The most important follower of Epicurus was the Roman poet Lucretius, who lived in the first century bce. His contribution to the materialist tradition was enormous though he articulated and promoted materialism rather than adding his own ideas. His poem Dr Rerum Natura, which means On the Nature of Things, is considered one of the greatest poems in the Western tradition.

Once the West passed into the Common Era, the teachings of Christianity, fused with aspects of the philosophies of Plato and Aristotle, became dominant, and materialism more or less disappeared from view. The intellectual tradition was kept alive in the monasteries, where monks were required to read, although argument and disputes were disapproved of. The writings of Plato and Aristotle and other pagan works were kept alive over the centuries by generations of scribes who copied them meticulously as the parchment on which they were written came to deteriorate and perish. One of these was Lucretius’ poem, all but lost for 1,400 years until an Italian man in search of ancient writings discovered a copy in an obscure German monastery in 1417 (see Greenblatt 2012).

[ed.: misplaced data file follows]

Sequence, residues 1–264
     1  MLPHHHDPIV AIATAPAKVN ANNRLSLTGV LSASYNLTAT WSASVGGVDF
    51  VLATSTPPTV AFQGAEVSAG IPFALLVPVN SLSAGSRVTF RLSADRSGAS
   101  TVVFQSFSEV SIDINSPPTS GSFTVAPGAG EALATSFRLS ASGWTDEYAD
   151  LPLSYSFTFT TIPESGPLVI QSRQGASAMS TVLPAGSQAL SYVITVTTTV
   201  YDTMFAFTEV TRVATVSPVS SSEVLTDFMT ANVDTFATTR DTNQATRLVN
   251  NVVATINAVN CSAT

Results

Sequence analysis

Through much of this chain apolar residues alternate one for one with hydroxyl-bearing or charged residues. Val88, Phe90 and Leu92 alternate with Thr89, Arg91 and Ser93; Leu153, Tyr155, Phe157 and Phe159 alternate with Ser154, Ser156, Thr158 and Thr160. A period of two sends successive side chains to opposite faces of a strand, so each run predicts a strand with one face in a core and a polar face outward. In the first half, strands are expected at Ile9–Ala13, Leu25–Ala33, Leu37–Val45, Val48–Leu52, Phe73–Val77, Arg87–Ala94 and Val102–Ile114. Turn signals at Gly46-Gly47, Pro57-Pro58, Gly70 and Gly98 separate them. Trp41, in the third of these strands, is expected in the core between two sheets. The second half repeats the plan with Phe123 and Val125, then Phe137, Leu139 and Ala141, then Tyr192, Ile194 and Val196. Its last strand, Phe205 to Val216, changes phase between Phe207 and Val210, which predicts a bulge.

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Citing this article:
Brown, Robin Gordon and James Ladyman. The concept of ‘matter’ and materialism in the ancient world. History of materialism, 2020, doi:10.4324/9780415249126-DC122-1. Routledge Encyclopedia of Philosophy, Taylor and Francis, https://www.rep.routledge.com/articles/thematic/history-of-materialism/v-1/sections/the-concept-of-matter-and-materialism-in-the-ancient-world.